BBC R&D

Posted by Vinoba Vinayagamoorthy, Michael Evans on , last updated

At the BBC R&D, we have been working on how to exploit the interactive functionality now available through connected televisions through a number of projects under themes such as companion screens, authentication, Internet of Things, recommendation services, accessibility and so on. They are all exciting topics to explore and we were interested in finding out what the research community had to say on the subject. To this effect, on Saturday 27th April, at the Universite Paris Dauphine, we co-chaired a day-long workshop called ‘Exploring and Enhancing the User Experience for Television’ (TVUX), with our colleague Dr Jhilmil Jain, from Google.

The workshop formed part of the annual ACM SIGCHI Conference on Human Factors in Computing Systems. Usually referred to by its short name CHI (pronounced ‘kai’), this is the world’s biggest and most prestigious research conference in the science and engineering of human-computer interaction, and has grown over the last 31 years to attract well over 3000 academic and industrial participants annually.  Over the last couple of CHIs, we’ve sought to harness the brains of this community and promote the user experience of television as an important and exciting area for research. At CHI2012, we won an award for our Case Study paper, ‘Researching the User Experience for Connected TV’.  More importantly, we were able to engage in many interesting conversations about our work and got encouraging positive feedback.

This year, bolstered by the outcomes from last year, we set out to be more ambitious, and our workshop proposal was accepted by CHI. That gave us scope to curate our own collaborative event, as part of the CHI2013 programme. We published a call for position papers, from industry and academia, on five key themes in TV user experience research, and hoped to attract enough people to have a lively discussion. The response from the research community was overwhelming. With the support of the CHI workshop chairs, we increased the size of the workshop, and our wonderful programme committee painstakingly reviewed the 41 submissions we received to form an amazing programme of 24 papers.  Our programme had contributions from Google, Hewlett-Packard, Yahoo and Cisco, as well as work from our own colleagues at BBC R&D.  University researchers from the US, the UK, Canada, Belgium, Sweden, Germany, Singapore and Spain had their papers accepted, and we had work from national research labs - INRIA in France and NICTA in Australia - as well as from small UX agencies. It was a fantastic mix! 22 of our 24 accepted authors were able to join us in person in Paris for the workshop! One of the authors even brought along a Google glass which made for interesting breaks in between all the hard work.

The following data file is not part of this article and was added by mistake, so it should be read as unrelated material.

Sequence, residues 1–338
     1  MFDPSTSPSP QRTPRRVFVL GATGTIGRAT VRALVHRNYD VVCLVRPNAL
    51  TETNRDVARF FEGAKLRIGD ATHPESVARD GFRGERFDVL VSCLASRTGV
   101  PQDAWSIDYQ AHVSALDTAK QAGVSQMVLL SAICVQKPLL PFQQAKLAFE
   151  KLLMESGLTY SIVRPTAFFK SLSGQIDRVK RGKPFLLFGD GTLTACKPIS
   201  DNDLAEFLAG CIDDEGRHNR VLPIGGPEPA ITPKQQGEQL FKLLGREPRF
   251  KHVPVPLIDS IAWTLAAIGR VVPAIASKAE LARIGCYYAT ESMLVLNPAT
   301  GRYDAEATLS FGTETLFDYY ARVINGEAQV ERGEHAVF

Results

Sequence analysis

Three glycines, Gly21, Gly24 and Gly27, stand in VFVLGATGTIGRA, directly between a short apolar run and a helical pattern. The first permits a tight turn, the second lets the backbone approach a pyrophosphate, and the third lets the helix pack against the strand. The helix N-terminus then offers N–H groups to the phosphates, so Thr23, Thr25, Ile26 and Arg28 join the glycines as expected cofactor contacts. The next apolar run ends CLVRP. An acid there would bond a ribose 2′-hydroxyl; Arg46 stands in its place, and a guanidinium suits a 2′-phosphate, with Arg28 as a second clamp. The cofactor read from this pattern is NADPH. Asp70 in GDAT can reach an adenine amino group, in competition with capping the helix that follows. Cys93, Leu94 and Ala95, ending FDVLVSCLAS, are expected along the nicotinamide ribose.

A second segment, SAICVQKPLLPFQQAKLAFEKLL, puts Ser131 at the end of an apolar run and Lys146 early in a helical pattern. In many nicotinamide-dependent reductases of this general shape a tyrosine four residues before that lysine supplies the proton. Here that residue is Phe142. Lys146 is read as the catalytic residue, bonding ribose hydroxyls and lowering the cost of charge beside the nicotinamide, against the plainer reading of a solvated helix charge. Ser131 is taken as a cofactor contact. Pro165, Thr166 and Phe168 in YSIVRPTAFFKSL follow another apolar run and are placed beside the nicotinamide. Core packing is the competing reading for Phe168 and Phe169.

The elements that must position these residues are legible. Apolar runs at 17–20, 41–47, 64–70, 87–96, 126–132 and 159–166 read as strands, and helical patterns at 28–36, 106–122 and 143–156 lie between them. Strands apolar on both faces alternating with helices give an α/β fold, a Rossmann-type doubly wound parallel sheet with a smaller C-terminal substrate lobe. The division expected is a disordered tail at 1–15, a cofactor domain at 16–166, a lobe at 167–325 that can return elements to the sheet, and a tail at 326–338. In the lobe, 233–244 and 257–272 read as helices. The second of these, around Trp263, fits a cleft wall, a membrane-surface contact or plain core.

At the workshop, having a great discussion about the issues and potential of the research work presented was the main priority.  We used a symposium style, with five sessions of very short presentations by the participating authors on their work, each followed by a whole group discussion led by the session chair.  Each of the five discussions concluded with participants’ visions of the future of research and user experience for these aspects of TV interaction.

Control and Physical Interaction

Discussions and presentations during the control and physical interaction session focused on how to couple new interfaces with a TV. Gestural interfaces have been rising in popularity and there were concerns that suitable feedback metaphors should be researched in order to better represent corresponding actions. It was stressed that this was even more important for audience members with special needs. There was also discussions about what types of gestures would be suited to a living room environment. Participants felt that there would still be a place for traditional remote controls and that companion devices would be more integrated into the living room. There was support for open APIs which could be personalised and it was felt that some TV experiences would move from a lean back one to a lean forward one in keeping with new forms of video content such as the ultra high resolution video panorama produced in the FascinatE project.